The relative speed of SQL Server queries and the size of data files and transaction logs seem to be primary performance factors.
Q. We recently had an issue with a query that was taking a while to run. The query ran faster after we rebuilt the clustered index on the table it involved. I couldn’t see any scans in the query plan, so why would fragmentation have affected the query runtime?
A. In this case, it seems index fragmentation had nothing to do with the query runtime. A non-optimal query plan was likely the source of the problem.
When you do an index rebuild, all column statistics for that index are automatically rebuilt. It’s the equivalent of a full scan. All column values are considered when creating the statistics, so it creates a full representation of the common value distribution.
All query plans created using those statistics are essentially invalidated and will be recompiled. Recompiling a plan means the next time you execute the query, the query optimizer will go through the process of choosing a new, more optimal way of producing the query results. This is the query plan.
In this case, your index rebuild triggered a query plan recompile. The new plan was more optimal than the previous one. There are a number of possible reasons for this. The poorly performing query plan could have been highly optimal and allowed fast queries when it was first compiled. As the distribution of data values within the table changed over time, the query plan could have become less and less optimal.
The old query plan could have been using a nonclustered index based on the fact that a particular column (part of the nonclustered index) was highly selective. Therefore, it made sense to use the nonclustered index to find data values and then further columns from the table itself. That’s called a key lookup operation.
If the data distribution changed drastically such that the column was no longer highly selective, this could have caused a large number of costly key lookups. Considering the new data distribution, a better plan would have been to use a different nonclustered index.
When the clustered index was rebuilt, the statistics were updated. This caused a plan recompile, which chose the more selective nonclustered index. This in turn produced a more efficient plan.
While I’m hypothesizing about the cause of the query acceleration, you can see what I mean about the index rebuild simply being the trigger for plan recompilation. It might not have directly fixed the root cause of the performance problem in the first place.
Q. I have a filegroup with two files and both are very full. I want to add some more space to the filegroup, so I’m going to add two more files and then have SQL Server rebalance the data across all four files. Is that possible?
A. Unfortunately, there isn’t a good way to rebalance data across files in a filegroup after you add new files for extra space. I’ve blogged in the past about how having more than one file per filegroup can lead to performance gains for some workloads. It’s common knowledge that this is the case.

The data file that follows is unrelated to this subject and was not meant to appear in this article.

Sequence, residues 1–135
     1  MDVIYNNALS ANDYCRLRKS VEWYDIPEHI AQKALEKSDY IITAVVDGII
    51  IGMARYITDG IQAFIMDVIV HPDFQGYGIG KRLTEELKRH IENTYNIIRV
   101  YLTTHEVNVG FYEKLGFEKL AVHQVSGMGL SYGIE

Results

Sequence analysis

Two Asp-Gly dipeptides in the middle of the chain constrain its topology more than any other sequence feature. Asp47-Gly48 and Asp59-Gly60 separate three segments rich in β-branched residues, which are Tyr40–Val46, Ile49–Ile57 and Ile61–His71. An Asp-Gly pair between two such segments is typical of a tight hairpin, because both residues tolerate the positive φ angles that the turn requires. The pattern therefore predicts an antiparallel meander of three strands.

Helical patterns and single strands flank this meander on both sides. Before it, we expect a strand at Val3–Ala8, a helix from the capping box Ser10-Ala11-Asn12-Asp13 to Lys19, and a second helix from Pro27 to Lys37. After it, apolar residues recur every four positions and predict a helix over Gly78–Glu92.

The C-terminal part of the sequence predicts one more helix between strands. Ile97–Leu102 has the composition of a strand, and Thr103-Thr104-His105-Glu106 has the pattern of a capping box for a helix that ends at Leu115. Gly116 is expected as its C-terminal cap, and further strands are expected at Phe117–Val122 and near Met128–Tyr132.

That’s a big generalization, though. How much gain you’ll achieve depends on the I/O subsystem, the data file layout and the workload. There will be a point at which the number of data files becomes too many and is actually a performance detriment. Check out these blog posts on benchmarking multiple data files and multiple data files on solid-state drives (SSDs).
SQL Server simply doesn’t have a rebalancing mechanism for data in a filegroup. The data file where the next allocation will come from is determined by round-robin allocation and proportional fill. Round robin is where allocations happen from each data file in turn. There will be an allocation from file one, then an allocation from file two, then back to file one again. However, the allocations are done in a proportional manner. More allocations are done from data files that have proportionally more free space than other data files in the filegroup.
The basic premise of proportional fill is that each file has a weighting, where files with less free space will have a higher weighting. Files with lots of free space will have a lower weighting. The files with lower weightings will be allocated from more frequently, meaning those files with more free space will be allocated from the most.
What all this means is that when you add new files to a full filegroup, subsequent allocations will come mainly from the new files. They will have much lower proportional-fill weightings than the older files that have inherently more data. The new files become allocation hot spots, leading to potentially lower overall performance with some workloads.
You can’t circumvent the proportional fill algorithm. Nor can you change the weightings. Even trying something like rebuilding the indexes in the filegroup won’t work, as the allocations for the new indexes will come from the new data files.